One of the neglected names of God appears in Psalm 76:11 — maybe it is not one of the hyphenated names, but it is an accurate representation of His character and was a primary way that Israel identified the God that they worshipped.
In Judah God is known;
His name is great in Israel.
2 In Salem also is His tabernacle,
And His dwelling place in Zion.
3 There He broke the arrows of the bow,
The shield and sword of battle. Selah
4 You are more glorious and excellent
Than the mountains of prey.
5 The stouthearted were plundered;
They have sunk into their sleep;
And none of the mighty men have found the use of their hands.
6 At Your rebuke, O God of Jacob,
Both the chariot and horse were cast into a dead sleep.
7 You, Yourself, are to be feared;
And who may stand in Your presence
When once You are angry?
8 You caused judgment to be heard from heaven;
The earth feared and was still,
9 When God arose to judgment,
To deliver all the oppressed of the earth. Selah
10 Surely the wrath of man shall praise You;
With the remainder of wrath You shall gird Yourself.
11 Make vows to the Lord your God, and pay them;
Let all who are around Him bring presents to Him who ought to be feared.
12 He shall cut off the spirit of princes;
He is awesome to the kings of the earth.
And what is the main reason for fear before Him? He has the power over our eternal destiny. Others may harm us physically and temporarily, but He is the one who can destroy body and soul eternally (Matthew 10:28) Without this sobering reality, we can never fully appreciate the gift of grace we have been given.
Beginnings are important. How we begin can determine whether we wander around in the wilderness for 40 years or take the direct route to the Promised Land. A good start can save us lots of backtracking, and a good foundation means that our work will have much greater longevity. So shouldn’t we build on the most sure foundation? And that foundation is the Fear of the Lord!
The fear of the Lord is the beginning of knowledge, But fools despise wisdom and instruction. (Proverbs 1:7)
We are far too quick to dismiss or explain away ‘fear of the Lord.’ It sounds old-fashioned, and it’s not cool to preach fire and brimstone anymore. We have decided that love and gratitude should be our only motivations, leaving no room for godly fear. Never mind that there truly is a day of judgment coming and we would do well to flee from the wrath to come! (Matthew 3:7)
I remember a small group meeting where we were discussing the parable of the Prodigal Son, and someone remarked how sad it was that the son returned groveling rather than confident in his father’s love. I thought about it a little and said that I thought the son had just the right attitude and that his feeling of unworthiness was very appropriate. Stunned silence ensued– they looked at me like I had lobsters crawling out of my ears and finally continued the discussion without comment. I had attacked a sacred cow. But I still think that the son did have faith in his father’s love and mercy. He believed that his father would receive him, but he also knew what his actions deserved and that he had no real right to expect any kindness or mercy. I still think it would have been the height of presumption to come back announcing, “I’m home!” expecting all to be forgotten.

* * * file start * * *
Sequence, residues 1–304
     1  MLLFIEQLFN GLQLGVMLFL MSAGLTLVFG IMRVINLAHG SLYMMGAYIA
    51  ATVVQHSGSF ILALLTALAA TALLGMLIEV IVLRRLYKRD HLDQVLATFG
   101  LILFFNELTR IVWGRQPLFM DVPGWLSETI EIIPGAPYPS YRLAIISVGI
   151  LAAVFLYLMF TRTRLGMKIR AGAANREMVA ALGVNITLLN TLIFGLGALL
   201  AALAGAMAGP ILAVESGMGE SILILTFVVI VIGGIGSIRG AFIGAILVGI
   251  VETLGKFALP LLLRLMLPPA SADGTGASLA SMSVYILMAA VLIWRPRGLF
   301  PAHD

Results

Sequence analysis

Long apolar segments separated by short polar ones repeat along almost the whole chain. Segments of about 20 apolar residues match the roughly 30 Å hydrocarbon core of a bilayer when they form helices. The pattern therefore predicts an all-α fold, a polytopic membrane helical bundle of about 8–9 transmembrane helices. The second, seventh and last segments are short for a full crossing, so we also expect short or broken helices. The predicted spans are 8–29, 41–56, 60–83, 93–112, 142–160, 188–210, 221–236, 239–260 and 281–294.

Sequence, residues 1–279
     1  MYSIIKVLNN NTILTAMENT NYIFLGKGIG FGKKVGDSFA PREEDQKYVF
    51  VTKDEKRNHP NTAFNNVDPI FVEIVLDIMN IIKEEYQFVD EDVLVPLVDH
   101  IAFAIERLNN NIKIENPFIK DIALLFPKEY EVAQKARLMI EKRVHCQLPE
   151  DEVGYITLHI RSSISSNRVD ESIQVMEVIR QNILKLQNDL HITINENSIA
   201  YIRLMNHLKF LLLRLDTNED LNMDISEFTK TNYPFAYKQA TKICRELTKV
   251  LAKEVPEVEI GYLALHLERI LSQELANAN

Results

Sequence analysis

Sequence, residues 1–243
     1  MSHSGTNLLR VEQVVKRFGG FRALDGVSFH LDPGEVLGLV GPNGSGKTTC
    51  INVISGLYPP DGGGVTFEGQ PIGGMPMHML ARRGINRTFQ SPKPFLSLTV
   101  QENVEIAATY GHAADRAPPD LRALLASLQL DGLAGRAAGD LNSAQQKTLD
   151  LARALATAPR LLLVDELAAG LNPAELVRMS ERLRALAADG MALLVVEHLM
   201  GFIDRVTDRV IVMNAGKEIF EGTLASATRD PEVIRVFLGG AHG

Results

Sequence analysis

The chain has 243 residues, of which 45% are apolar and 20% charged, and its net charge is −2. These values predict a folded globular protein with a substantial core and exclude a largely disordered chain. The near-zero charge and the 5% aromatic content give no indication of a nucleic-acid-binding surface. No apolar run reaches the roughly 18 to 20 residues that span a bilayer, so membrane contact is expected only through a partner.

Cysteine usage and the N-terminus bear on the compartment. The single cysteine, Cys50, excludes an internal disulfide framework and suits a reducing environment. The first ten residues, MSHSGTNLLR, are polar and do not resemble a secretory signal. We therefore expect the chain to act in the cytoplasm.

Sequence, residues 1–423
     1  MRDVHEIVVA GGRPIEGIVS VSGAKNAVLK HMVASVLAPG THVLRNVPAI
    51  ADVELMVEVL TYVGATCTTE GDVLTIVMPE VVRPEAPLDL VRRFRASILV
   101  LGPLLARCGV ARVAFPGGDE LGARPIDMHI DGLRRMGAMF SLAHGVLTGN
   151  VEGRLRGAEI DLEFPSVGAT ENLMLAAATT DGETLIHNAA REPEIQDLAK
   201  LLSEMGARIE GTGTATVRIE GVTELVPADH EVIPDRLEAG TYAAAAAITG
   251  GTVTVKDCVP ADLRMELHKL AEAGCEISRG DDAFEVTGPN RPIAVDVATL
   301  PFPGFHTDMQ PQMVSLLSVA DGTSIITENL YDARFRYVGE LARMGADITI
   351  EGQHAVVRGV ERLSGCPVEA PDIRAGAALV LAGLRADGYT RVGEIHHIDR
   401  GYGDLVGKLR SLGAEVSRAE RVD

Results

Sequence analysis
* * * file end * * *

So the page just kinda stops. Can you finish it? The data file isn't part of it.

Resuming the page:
Skipping the foundation of repentance and fear keeps us from appreciating the fullness of our heavenly Father’s love and mercy — freely given, though totally undeserved. It is only in comprehending the depth of our sin and its dire consequences that we can truly experience the forgiveness He wraps us in as we run to His arms. God would be holy and just and good if He took one look at us and pronounced judgment, consigning us to the fires of hell. This is the God we are approaching — the God who can ‘destroy both body and soul in hell.’ (Matthew 10:28) Jesus tells us to fear this One, so when we approach this God, it is better not to waltz in rejoicing with no thought for our offense against the One who created us and gave all for us. Instead, we should come as the Prodigal did, humbly taking the lowest place. And that is just the person God exalts to the highest place. (Luke 14:7-14) God humbles the high and exalts the low.
Jesus’ Sermon on the Mount ends with the advice to build our house on the Rock. Look to your foundation, and make sure that you do not find yourself before God hearing the horrific words “I never knew you, depart from me, all you who practice iniquity.” (Matthew 7:23) Begin with wisdom — build your house on the Rock — and let the winds blow and the rain pound. Your faith will stand, and no flood will be able to carry it away.